How Should Cities Use Data to Maximize Budgets Post-Pandemic?

Officials predict city budgets will be cut anywhere from 15 to 40 percent in the next year. The best way to do more with less is to use data as a tool to find out what works and where there’s opportunity to save.

Boston city hall
Boston City Hall.
David Kidd
For our country to get back on track, it’s time to roll up our sleeves and prioritize essential public services with restricted budgets. Even with federal stimulus funds to state and local government, budgets will be stretched — mayors and their key staff have told us they need to cut their budgets by anywhere from 15 to 40 percent next year. How can public officials bridge these gaps? The best strategy is to use data as a tool — to identify what works, find operational efficiencies and identify the areas with the greatest need.    

Government’s responses to COVID-19 have been significantly enhanced where there were prior investments in data. For example, in Boston a multi-year citywide data warehouse project meant Chief Data Officer Stefanie Costa Leabo was able to provide her mayor with a real-time integrated COVID-19 dashboard in a matter of days. And yet, unfortunately, data is not typically front and center for public officials, because, as one data leader said, “there’s no ribbon cutting for a data warehouse.”   

Recently, we surveyed chief data officers in 20 U.S. cities and asked what big trends they noticed in 2020. Their answers presented a contradiction: 1) massive increases in uses for data; and 2) less funding for the infrastructure that creates value from that data. As Mike Sarasti, chief innovation officer for Miami, said, “The appetite for data has tremendously increased and data insights are becoming the norm. This presents both opportunities and challenges to city staff. We have the support and enthusiasm to evolve our data hub and expose the data through internal and external user-friendly interfaces.” Yet Philadelphia CIO Mark Wheeler worries that “budget reductions will eliminate new initiatives and impact some ongoing operations.”  

For a public official or budget officer to lead through the cost-cutting years looming years ahead, they should elevate and expand data operations, not diminish them. This ethos is well described by Denver CDO Paul Kresser: “I’m anticipating an even greater demand for data services in 2021 as our agencies look to leverage data to help compensate for reductions to their operating budget.”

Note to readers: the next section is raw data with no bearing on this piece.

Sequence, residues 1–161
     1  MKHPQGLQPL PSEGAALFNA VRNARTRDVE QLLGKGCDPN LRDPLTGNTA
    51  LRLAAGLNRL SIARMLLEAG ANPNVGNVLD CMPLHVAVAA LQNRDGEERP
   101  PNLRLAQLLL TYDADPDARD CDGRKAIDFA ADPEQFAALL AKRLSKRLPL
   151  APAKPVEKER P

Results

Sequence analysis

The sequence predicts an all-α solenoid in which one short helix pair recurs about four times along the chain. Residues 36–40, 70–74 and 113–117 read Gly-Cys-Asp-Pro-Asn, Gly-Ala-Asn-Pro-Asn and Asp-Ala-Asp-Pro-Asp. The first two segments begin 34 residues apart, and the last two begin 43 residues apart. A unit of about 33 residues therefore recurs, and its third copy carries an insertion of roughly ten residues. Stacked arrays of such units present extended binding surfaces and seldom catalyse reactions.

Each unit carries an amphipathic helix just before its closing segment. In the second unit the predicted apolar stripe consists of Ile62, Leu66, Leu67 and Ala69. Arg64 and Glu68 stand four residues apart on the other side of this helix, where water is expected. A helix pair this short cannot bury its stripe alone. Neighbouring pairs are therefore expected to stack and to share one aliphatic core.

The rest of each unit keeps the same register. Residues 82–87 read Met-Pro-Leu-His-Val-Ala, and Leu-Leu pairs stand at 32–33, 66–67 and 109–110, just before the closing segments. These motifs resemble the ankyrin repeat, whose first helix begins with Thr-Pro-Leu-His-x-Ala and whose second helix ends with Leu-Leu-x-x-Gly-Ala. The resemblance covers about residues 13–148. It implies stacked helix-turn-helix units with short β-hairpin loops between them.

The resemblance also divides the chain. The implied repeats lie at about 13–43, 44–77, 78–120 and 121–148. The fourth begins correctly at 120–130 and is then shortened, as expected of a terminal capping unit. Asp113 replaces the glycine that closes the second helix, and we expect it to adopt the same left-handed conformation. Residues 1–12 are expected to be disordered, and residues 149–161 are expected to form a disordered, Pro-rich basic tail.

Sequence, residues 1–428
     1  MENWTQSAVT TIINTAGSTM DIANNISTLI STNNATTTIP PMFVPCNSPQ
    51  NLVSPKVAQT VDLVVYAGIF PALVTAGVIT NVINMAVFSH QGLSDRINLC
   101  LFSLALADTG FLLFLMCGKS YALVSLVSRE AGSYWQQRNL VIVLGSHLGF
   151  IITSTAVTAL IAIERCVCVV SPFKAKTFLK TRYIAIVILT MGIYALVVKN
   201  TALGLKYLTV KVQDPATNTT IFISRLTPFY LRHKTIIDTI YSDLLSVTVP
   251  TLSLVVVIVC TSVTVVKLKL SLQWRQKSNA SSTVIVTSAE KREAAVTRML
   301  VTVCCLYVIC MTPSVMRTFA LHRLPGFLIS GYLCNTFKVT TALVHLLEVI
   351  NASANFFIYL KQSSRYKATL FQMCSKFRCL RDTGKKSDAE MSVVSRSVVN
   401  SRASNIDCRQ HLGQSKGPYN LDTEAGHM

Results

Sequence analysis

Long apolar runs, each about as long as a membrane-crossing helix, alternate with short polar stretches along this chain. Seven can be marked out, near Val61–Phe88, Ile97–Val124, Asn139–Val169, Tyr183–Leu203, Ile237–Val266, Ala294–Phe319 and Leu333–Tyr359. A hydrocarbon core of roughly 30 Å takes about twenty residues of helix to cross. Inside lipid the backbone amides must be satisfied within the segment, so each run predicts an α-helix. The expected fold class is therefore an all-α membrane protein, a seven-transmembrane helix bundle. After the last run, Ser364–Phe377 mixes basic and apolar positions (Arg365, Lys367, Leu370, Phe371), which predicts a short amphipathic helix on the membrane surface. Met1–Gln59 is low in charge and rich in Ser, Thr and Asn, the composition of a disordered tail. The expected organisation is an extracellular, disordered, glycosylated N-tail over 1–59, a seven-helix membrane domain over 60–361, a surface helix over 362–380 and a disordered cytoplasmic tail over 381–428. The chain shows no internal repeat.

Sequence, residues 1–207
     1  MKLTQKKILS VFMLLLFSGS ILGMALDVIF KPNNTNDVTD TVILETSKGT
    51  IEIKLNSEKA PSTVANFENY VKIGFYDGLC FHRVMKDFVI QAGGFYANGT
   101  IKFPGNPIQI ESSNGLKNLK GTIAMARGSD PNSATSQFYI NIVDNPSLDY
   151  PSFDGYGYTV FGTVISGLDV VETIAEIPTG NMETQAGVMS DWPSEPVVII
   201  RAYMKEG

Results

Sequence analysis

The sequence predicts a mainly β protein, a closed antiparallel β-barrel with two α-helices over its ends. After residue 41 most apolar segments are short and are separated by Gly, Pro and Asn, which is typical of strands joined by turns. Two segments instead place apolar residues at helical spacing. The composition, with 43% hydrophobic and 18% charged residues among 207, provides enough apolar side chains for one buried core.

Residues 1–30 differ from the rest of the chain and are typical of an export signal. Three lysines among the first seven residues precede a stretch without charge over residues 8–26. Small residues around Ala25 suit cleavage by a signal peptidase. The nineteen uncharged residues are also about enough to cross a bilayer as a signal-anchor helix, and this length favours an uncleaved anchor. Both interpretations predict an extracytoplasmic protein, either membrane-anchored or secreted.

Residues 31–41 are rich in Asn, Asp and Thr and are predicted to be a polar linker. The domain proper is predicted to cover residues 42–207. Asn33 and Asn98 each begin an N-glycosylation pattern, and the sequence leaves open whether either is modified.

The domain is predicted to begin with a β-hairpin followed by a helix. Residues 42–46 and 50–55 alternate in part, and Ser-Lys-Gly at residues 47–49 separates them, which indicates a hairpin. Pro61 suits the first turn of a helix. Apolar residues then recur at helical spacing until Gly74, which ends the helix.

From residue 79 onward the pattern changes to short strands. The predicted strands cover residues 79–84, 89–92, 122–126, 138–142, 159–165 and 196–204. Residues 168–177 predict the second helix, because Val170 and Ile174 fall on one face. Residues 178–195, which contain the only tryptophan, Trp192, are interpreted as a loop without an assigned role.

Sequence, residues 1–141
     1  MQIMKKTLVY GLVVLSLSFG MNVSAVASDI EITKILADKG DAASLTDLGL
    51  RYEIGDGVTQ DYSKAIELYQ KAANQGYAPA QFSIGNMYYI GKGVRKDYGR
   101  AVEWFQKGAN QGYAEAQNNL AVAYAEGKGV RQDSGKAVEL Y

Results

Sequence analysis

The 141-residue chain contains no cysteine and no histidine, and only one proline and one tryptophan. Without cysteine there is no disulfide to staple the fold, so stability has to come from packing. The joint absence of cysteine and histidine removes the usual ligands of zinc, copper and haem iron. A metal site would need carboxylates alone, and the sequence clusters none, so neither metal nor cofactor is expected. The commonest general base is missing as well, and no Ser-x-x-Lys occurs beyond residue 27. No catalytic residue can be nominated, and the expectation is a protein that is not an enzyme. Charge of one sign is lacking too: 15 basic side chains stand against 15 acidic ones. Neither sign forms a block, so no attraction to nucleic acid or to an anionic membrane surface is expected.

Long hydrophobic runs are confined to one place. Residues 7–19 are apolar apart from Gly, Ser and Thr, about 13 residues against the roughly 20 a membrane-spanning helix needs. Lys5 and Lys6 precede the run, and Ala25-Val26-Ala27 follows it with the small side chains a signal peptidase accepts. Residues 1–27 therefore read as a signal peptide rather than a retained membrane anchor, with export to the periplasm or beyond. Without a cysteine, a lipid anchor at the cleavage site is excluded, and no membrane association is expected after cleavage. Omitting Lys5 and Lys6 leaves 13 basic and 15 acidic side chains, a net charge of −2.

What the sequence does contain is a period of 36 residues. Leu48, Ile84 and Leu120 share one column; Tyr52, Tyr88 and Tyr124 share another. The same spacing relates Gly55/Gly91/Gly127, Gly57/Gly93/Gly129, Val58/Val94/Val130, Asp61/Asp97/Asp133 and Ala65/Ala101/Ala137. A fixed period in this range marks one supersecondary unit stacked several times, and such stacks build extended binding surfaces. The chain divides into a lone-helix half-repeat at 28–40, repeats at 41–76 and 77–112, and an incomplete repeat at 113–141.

City budget officials who consider all expenses the same, without adjusting for those expenditures that produce value, miss the big opportunity. In fact, because of budget, data offices need to expand and become central players in the recovery effort. The consulting firm McKinsey estimates that, globally, government could capture $1 trillion of value by using data analytics both to identify revenue not collected and to recoup payments made in error, and estimates that using data analytics to eliminate waste, fraud and abuse in government can have returns as high as 10 to 15 times their cost. We have seen in our own network of data leaders that the return on investment can be as high as five to one when data teams solve public problems.   

To make data the center of pandemic recovery efforts, states, cities and counties need to consistently invest in data capacity — the talent and resources internal to government — and, just as important, foster a culture that respects the power of data to unlock insight. In planning for next year’s budgets, public officials should be able to answer the following five questions in the affirmative:   

  1. Is there a public scorecard for each project that shows expense and return both measured in terms of customer service and dollars saved?
  2. Does the city have a predictive analytics component in its statistics program?
  3. Does the city make widespread use of layered data and spatial analytics in order to identify trends, causal relationships and different results across the city?
  4. Does the city use data to identify revenue opportunities either by a service area or other important variable? Or does the city use pattern recognition to identify areas in need of revenue audits, like examining trends in unpaid fees?
  5. Does the city have an internal data literacy initiative with its employees that increases the daily use of data and applications such as GIS that will produce a broad flow of regular savings?   
These questions can help governments increase their commitment to data-informed and results-oriented service delivery, and can prioritize department projects and requests for additional funding that will produce better service delivery. This can improve government both in the recovery from the pandemic and for years to come.   

Jane Wiseman, a former appointed government official, consultant and financial adviser, co-authored this column. This article originally appeared in Government TechnologyGovernment Technology is a sister site to Governing. Both are divisions of e.Republic.

A professor of practice at the Harvard Kennedy School and director of the Innovations in American Government Program. He can be reached at
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